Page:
And she said, “I think the key is jumping to the defense,” she said, “which is so easy in the moment. And she said, I've started just setting a boundary and saying, well, I didn't say that, which then will also turn into the, no, I didn't mean that. And I love the point that she made, where she said, they're just looking for conflict. And that is the truth in that button pushing, and let me try to just, I'm going to go on a little bit of a, just a train of thought here and talk about why does the emotionally mature narcissistic person push buttons to begin with? And here's just that scenario where it, when it wasn't modeled in childhood or when people just weren't allowed to do and be, that everything had to have an angle or everything. There was this, almost this social capital or currency in every transaction. So that, well, what are you going to do for me or, okay I need to make you feel bad so I can keep this in my back pocket and pull it out when I need something. So everything becomes this tit for tat or this, you scratch my back, I'll scratch yours, kind of a mentality. But what the emotionally immature narcissistic person doesn't realize is that isn't reciprocity. They're just trying to make sure that they will get their way.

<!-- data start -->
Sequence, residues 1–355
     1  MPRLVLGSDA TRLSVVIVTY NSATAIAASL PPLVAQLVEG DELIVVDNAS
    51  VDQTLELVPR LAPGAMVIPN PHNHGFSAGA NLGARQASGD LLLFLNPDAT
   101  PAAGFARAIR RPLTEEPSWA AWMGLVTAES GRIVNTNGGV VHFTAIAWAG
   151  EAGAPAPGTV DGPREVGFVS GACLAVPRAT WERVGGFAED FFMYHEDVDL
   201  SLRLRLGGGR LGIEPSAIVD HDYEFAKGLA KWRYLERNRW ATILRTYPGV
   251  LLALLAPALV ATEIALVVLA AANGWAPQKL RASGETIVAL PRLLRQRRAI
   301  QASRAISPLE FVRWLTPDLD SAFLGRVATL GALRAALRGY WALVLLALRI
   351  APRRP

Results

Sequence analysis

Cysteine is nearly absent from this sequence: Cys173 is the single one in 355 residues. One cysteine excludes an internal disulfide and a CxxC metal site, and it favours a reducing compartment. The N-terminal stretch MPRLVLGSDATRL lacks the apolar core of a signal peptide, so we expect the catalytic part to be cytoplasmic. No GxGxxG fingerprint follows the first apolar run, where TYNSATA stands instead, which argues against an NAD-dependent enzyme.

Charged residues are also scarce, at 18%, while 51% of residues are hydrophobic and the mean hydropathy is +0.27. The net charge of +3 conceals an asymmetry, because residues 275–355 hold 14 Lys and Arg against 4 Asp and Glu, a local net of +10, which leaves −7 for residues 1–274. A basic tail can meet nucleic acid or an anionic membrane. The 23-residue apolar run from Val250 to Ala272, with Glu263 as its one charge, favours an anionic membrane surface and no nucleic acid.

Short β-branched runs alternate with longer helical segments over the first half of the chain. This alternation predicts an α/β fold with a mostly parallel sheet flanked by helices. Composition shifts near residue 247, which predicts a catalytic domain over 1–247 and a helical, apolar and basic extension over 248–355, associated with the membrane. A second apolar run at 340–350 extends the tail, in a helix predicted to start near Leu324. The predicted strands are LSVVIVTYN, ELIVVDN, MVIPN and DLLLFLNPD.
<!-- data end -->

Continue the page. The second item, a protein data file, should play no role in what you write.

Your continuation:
So when the activity or the event benefits them, they're not keeping track saying, oh man, my spouse is an amazing human being. And now I owe them. I owe them the same respect if they want to do something. No, they go and do when they want to do, because that's what they want to do. But then when it's time that you want to do something, now here's an opportunity to make you feel bad or guilty. So that now they can have this, you know, again, this currency, this emotional currency to then use against you. To then make themselves feel even better when they want to do whatever they want to do, and then make you feel worse when you want to do what you want to do because that's impacting them. Because then all of a sudden, now they are being asked to take ownership or responsibility for something and it can be anything. I mean. You know, a dad can actually enjoy bath time with his kids, but it's the concept that will, where now I have to do that. Instead of looking at that as an opportunity that they have to connect with their children. So that question, it just leads to so many other, other thoughts or concepts around why the narcissist wants conflict. And it's because if you go to the very depths of attachment and attachment issues with the emotionally mature narcissistic person, this is where they weren't, they did not have a secure attachment with their parent. So it really did matter what they did or who they were, how they showed up in order to get their needs met. And so, this is that, it's that concept where a kid will do anything to know that they exist or that they matter, now matter doesn't mean that they are cared about, but matter means to know that they exist. So as a child, that constant conflict, whether they were doing something that they're, then they're emotionally immature narcissistic parent then said, hey, nice job champ. Yeah, you remind me so much of myself. Or, I notice how good you are doing whatever this, whatever it is you're doing. And that must be because I have taught you that. Or there's that conflict of the parents saying that, I see what you're doing there, and I was so much better than you at that when I was your age. But it's always, there's always a transaction happening. There's always a one up or one down position happening. So by the time this emotionally immature narcissistic person hits adulthood in their, in their relationships, that's just again, the air that they breathe. And so that can just be very, very difficult when everything does start to seem like what's the angle or why can't we just have a normal conversation or a normal night? Or why can't we just do things because we want to do them and it doesn't have to be, well, you did this and I did this and you never do this.